The transcript of oral arguments in Morse v. Frederick, argued at the Supreme Court a few days ago, makes for some interesting reading. (For a summary of the facts, see my earlier comments on the case here.)

Ken Starr (arguing that the principal had the right to suppress the speech) focuses the beginning of his argument, predictably, with the usual Drug Czar type language. His first sentence in fact:

Illegal drugs and the glorification of the drug culture are profoundly serious problems for our nation.

A student holds up a sign (off campus, mind you) that reads “Bong Hits 4 Jesus” and now the Supreme Court is being asked to jump to the conclusion that the message glorifies drug culture? What exactly does “Bong Hits 4 Jesus” mean anyway?

Does it mean the speaker believes Jesus supports marijuana use? Does that automatically mean it is pro drugs? Perhaps it’s a suggestion that Jesus should be allowed to use marijuana?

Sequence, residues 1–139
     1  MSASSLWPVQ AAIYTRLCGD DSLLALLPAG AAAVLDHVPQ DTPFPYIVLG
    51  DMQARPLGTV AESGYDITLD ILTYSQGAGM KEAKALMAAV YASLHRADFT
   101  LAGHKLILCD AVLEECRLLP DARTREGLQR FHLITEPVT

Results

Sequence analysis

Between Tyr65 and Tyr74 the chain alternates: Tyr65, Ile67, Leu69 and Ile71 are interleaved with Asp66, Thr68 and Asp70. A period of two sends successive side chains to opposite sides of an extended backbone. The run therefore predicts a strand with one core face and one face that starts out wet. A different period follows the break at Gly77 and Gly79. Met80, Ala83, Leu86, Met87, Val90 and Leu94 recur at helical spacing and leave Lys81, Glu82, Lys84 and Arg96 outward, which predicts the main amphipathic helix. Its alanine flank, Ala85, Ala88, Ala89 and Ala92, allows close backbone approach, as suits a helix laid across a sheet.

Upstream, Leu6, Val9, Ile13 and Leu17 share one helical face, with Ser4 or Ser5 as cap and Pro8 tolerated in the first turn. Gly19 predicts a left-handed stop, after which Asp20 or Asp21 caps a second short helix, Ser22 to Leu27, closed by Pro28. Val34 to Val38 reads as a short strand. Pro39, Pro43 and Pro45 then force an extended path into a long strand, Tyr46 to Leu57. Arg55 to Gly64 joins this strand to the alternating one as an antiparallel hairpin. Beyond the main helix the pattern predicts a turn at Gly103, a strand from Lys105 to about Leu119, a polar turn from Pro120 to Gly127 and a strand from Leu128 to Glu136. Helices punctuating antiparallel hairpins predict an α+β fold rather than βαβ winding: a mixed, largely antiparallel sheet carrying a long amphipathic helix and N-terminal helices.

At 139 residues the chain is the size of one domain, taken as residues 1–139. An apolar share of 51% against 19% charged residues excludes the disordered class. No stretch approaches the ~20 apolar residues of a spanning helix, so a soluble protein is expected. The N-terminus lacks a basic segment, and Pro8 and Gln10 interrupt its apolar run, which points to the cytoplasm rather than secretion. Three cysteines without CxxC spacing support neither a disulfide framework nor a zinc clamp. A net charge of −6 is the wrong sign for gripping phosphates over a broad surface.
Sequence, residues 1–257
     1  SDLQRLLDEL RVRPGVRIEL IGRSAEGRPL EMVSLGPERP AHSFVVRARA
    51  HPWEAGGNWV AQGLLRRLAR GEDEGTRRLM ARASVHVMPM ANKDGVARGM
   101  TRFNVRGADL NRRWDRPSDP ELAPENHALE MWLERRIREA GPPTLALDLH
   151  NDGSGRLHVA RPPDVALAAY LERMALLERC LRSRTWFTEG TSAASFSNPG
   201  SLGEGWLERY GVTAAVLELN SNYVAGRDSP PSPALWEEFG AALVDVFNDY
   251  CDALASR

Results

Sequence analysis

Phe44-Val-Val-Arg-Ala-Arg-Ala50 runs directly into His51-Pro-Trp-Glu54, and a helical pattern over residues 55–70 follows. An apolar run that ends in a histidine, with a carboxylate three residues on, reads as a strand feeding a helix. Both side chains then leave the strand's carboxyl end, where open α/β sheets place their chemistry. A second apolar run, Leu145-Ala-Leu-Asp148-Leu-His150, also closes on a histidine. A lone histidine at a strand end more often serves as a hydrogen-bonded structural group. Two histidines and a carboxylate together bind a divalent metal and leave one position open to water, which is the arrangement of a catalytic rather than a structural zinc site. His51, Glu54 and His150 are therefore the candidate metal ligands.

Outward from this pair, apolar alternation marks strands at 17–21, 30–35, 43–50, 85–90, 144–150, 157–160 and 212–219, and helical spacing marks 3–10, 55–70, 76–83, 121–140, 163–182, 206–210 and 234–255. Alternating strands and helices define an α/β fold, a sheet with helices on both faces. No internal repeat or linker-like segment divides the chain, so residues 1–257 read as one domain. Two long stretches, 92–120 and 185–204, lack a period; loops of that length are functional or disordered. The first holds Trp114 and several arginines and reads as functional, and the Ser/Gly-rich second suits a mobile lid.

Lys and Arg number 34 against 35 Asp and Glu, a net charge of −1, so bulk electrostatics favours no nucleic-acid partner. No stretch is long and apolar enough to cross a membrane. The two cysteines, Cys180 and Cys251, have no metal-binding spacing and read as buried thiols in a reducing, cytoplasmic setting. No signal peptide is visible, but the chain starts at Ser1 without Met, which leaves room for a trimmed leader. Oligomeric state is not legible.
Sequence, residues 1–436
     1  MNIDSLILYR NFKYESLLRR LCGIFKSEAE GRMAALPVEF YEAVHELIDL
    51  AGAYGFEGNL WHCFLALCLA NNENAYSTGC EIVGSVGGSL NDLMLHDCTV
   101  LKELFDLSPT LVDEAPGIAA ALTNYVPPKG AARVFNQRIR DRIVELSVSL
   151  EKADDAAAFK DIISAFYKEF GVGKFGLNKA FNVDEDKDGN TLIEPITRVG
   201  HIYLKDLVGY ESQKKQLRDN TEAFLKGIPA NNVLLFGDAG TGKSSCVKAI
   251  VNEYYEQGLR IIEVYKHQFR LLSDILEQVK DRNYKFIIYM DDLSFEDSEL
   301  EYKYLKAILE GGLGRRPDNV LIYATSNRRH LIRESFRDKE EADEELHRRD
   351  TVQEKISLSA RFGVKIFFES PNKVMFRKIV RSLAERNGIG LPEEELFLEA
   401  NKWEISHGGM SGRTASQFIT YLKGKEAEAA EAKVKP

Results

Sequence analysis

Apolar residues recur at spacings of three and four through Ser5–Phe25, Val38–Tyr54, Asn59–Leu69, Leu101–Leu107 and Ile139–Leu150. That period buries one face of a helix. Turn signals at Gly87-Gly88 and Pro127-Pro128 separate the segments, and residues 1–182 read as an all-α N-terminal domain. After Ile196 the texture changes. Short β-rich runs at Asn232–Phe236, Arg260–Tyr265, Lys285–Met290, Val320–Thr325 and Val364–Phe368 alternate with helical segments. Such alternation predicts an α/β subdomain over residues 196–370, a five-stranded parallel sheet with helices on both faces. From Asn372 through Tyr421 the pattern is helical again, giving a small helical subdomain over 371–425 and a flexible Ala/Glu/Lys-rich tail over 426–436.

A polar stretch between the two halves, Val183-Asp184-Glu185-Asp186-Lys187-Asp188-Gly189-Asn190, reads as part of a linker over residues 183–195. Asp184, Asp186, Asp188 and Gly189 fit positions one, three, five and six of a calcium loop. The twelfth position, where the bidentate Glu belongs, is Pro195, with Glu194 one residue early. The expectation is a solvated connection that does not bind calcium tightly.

What is the anti-“Bong Hits 4 Jesus” message?

I told my wife that I thought the opposite of “Bong Hits 4 Jesus” would be “No Bong Hits 4 Jesus”, and therefore that would have to be protected speech, at least according to the Government’s argument.

Would “No Bong Hits 4 Jesus” be as obviously pro-Drug War as the government thinks “Bong Hits 4 Jesus” is pro-Drug Culture?

My wife suggested that the opposite message might actually be “Bong Hits 4 Satan”. If the “4 Jesus” part of the sign is automatically an endorsement, then wouldn’t “4 Satan” send the appropriate “Just Say NO” message that the government expects us all to chant?

Any discussion about the actual meaning of this phrase would, I predict, devolve into equally subjective and silly analysis. And that’s exactly my point.

Actually, this case presents an excellent demonstration of the dangers of the government coming in after the fact and interpreting what a particular speaker means, when they argue the right to suppress the speech. Let’s not add the First Amendment to the growing list of Drug War victims.